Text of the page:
Oversteer ("Loose") - Handling characteristic that, when the car is turning on the constant radius circle, the rear end of the car pushes to the outside of the circle with increasing speed. Turning radius of the car decreases with increasing speed, or less steering is necessary with increasing speed. It is caused by the front end of the car having more traction than the rear end.
Neutral - Ideal condition that is rarely achieved. The car turns on the constant radius circle with constant steering angle with increasing speed. As strange as it seems, some racing cars can do this, until you lose traction and get into severe oversteer.
Entry - Imaging that you are approaching a long sweeper. Turn-in is when you turn the steering and wait for the car to "settle" to a steady state roll angle.
Steady State - Your car is finished turning in. You are giving the car constant steering angle and throttle angle.
Corner Exit - You are beginning to get on the gas pedal and unwind the steering. Symptoms & Solutions Entry Understeer - Increase the rebound or the rear shocks. Decrease the bump of the front shocks. Increase the rear brake bias. Brake earlier.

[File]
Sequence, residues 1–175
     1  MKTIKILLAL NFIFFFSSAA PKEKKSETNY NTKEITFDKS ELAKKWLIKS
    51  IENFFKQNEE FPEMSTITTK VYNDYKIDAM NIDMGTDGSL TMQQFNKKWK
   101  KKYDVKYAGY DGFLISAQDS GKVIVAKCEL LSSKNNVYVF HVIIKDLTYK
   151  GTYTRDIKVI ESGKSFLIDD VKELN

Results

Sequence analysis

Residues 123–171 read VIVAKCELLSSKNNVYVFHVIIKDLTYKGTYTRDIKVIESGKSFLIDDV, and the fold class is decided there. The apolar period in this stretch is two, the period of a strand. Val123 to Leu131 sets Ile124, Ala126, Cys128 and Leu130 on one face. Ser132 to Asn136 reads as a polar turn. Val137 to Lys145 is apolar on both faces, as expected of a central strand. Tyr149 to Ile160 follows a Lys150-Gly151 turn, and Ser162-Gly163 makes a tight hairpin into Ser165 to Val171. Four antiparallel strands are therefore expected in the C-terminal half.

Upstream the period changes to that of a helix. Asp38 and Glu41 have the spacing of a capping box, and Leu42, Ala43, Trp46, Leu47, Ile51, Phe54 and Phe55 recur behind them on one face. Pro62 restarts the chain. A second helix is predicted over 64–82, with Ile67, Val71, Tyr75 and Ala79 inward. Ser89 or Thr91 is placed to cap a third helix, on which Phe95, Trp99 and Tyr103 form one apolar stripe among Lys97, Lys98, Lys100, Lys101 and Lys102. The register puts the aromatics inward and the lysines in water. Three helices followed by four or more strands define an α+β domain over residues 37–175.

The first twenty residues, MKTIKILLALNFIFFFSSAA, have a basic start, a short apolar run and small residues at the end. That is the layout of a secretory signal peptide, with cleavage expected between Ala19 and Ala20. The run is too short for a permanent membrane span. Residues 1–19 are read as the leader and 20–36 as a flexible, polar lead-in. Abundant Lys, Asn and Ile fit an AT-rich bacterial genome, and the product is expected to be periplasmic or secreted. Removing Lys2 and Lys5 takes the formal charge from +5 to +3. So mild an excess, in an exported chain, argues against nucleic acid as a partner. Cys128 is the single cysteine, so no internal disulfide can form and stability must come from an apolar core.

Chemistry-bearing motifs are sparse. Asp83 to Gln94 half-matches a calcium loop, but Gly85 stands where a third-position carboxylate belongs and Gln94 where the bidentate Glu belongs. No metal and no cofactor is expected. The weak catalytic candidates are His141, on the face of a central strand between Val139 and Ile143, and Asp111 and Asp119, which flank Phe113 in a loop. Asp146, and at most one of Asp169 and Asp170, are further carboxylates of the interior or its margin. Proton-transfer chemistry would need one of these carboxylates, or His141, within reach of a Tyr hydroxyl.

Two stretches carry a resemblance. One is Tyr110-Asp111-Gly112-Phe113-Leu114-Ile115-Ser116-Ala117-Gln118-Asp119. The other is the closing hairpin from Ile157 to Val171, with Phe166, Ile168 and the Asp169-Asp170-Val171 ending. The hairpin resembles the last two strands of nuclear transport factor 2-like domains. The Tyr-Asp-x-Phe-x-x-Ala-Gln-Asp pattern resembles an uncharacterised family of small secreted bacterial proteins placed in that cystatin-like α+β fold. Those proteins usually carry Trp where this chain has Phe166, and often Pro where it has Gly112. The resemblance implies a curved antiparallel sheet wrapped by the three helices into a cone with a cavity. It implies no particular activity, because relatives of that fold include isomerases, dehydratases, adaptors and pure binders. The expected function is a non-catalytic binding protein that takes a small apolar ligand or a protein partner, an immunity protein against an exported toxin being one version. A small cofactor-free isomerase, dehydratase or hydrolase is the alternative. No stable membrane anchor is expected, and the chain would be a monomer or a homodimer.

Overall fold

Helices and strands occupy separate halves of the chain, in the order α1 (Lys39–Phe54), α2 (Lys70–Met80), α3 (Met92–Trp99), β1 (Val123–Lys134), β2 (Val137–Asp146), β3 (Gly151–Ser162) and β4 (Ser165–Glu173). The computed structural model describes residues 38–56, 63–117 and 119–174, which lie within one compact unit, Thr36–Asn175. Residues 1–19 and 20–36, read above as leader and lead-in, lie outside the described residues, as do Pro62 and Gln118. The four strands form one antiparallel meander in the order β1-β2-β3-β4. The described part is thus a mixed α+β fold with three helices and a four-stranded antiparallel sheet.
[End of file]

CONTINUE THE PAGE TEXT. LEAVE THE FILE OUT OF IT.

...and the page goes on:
Entry Oversteer - Decrease the rebound of the rear shocks. Increase the bump of the front shocks. Decrease the rear brake bias.
Steady State Understeer - Stiffen rear springs and/or anti-roll bar. Soften the front springs and/or anti-roll bar.
Steady State Oversteer - Stiffen the front springs and/or anti-roll bar. Soften the rear springs and/or anti-roll bar.
Exit Understeer - Increase rebound of front shocks. Decrease bump of rear shocks. Stiffen rear springs/anti-roll bar. Soften front springs/anti-roll bar.
Exit Oversteer - Decrease rebound of front shocks. Increase bump of rear shocks. Soften rear springs/anti-roll bar. Stiffen front springs/anti-roll bar.
Car is slow to respond to driver's input - Stiffen the car by springs, anti-roll bars, and shocks. Increase tire inflation pressure.
Car hops over the bump - Soften the car. Decrease tire inflation pressure.
As you can see, changing one thing can alter all three stages of handling. You will have to make a compromise that best suits your requirement. There are also more variables such as ride height of the vehicle, wheel alignment, tires, driving style, corss weight, etc., that can alter the handling of a vehicle.